Tools and strategies for the technology B2B marketing department to operate effectively.
February 17, 2013
Smarketing and Goals
The term “smarketing” has been used recently by Hubspot to refer to their successful process of sales and marketing alignment (they credit the term to Dan Tyre).
Sales + Marketing = Smarketing.
But I've taken to using that word for Smart + Marketing.
Smart Marketing = SMarketing.
SMarketing is the antithesis of going through the marketing motions.
Really, we shouldn't even need a separate term, since we’re talking about classic, effective marketing—goals, target markets, personas, messaging strategy, integrated marketing mix, best practice execution.
But not everyone does their marketing that way. And we probably won’t get them to change what they’re doing to … oh … I don’t know … Dumarketing. So let’s name the good stuff as the exception. SMarketing.
Most marketers are aware of the tenants of SMarketing. Still, a combination of old habits, perceived institutional constraints, inability to prioritize, mismatched skills, and lack of training lead to a culture of activity based, ineffective marketing programs.
Lack of marketing training and mindset is a particularly pesky problem.
Let's say you broke your leg while snowboarding. Would you go to an emergency room where the person who sets broken bones was schooled in accounting but took to setting bones because, “well someone had to do it?” Look, there’re all sorts of reasons people choose or fall into a marketing role. Once there, they should be interested enough to seek out basic training and continuing education to stay on top of their craft. Or get out of the way for someone who will. Okay, getting off soapbox.
SMarketing starts with Goals. Business goals.
You shouldn't really set out to do any marketing plan, let alone executing tactics, unless you know what the business is trying to do. Go ahead, ask your executives or line of business heads. If the executives cannot articulate it, time to find a new company. More than likely, though, you forgot to even ask them.
So what is your business (or line of business or product line) trying to accomplish? Create a new market. Defend or take market share from the competition. Increase return business from current customers.
From these goals you can choose your targets, messages, content and metrics and make a plan.
This goal thing works down the production chain too. Every email, post, tweet and trade show should, on the one hand, support a top level goal and, on the other hand, have it’s own particular project or task goal. And when you ask a creative or operations person to execute a marketing element, tell them the goal. How else can they help you optimize results?
Goals. The first step on the road to SMarketing. Check back for more SMarketing.
February 04, 2013
On Going Through the Marketing Motions
I’ve been thinking of things that begin with the letter M. Marketing. Motions. Mediocrity.
This video got me started. (Michael Bierut as recommended here by Nishant Kothary.) Specifically, the portion from 12:50 to 17:00 where Bierut speaks on his four qualities of a good client: Brains, Trust, Passion, and Courage. He’s speaking of clients, but this is a great framework for selecting a team, joining a company, and even picking your friends.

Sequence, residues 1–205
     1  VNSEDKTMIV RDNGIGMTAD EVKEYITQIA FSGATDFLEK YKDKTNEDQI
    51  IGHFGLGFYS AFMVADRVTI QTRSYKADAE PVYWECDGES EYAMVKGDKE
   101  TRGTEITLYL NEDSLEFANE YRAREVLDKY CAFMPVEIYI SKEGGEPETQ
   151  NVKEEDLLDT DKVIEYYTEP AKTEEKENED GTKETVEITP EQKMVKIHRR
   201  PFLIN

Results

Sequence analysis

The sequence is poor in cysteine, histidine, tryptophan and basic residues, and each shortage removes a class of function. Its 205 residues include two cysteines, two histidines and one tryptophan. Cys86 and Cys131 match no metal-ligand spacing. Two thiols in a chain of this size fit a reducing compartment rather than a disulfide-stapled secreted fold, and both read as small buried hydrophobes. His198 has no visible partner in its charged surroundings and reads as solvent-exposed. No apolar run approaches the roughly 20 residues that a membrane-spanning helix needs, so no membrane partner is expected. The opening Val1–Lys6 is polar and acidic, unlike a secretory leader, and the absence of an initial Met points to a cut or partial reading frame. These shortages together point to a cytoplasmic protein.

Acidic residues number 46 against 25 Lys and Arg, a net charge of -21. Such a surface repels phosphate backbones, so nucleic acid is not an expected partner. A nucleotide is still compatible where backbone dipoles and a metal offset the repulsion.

Brains is a well-rounded notion, not meant to require genius IQ or even a single-subject rocket scientist expertise. Flexibility, adaptability, and even street smarts lead the way.
Trust is of key importance. If you task a subject expert to execute something, you should trust their expertise, judgment, and ability to execute it. If you have your mind made up on the solution before you start, why’d you hire the expert in the first place? If you don’t trust anyone, why hire them at all?
Passion is not strictly for design or coding or copywriting or even for marketing. But there must be some passion for the business, the product, or the results.
Courage doesn’t mean jumping out of airplanes or into MMA cage matches. It means that one will, for example, confront institutional constraints and not simply accept the, “that’s not the way it’s done here” habits.
Going through the marketing motions, then, happens when some or all of these traits are lacking. And if you find yourself in one of these teams or companies, it can become an “up at dawn, pride swallowing siege” about which you can never fully tell anyone.
Going through the marketing motions can look from the outside like a cutting edge team. Hey look, there’s a shiny web site, visitors are filling out forms; we’ve got followers all over the place; white papers, webinars and ebooks are being published; tradeshows are running like clockwork. We’re monitoring social media, running paid search, writing blogs. And the illusion is not just from the outside; those on the inside might fool themselves into thinking they are on top of the craft.
A group going through the marketing motions can still be busy. Very busy. But the activity is not adding up to its potential. A big symptom reveals itself at evaluation time. The team has to scramble to bend, fold and mutilate some numbers to justify their activity.
The underlying problem is that some lack of Brains, Trust, Passion, or Courage is leading to a lot of activity that isn’t strategically planned, isn’t properly executed, or both.
When you’re going through the motions, where do you start a lasting fix? With Passion, it seems. If you can inspire people to overcome their fears, to let go of control, to learn to think critically and strategically, you stand a chance of breaking the cycle of mediocrity.
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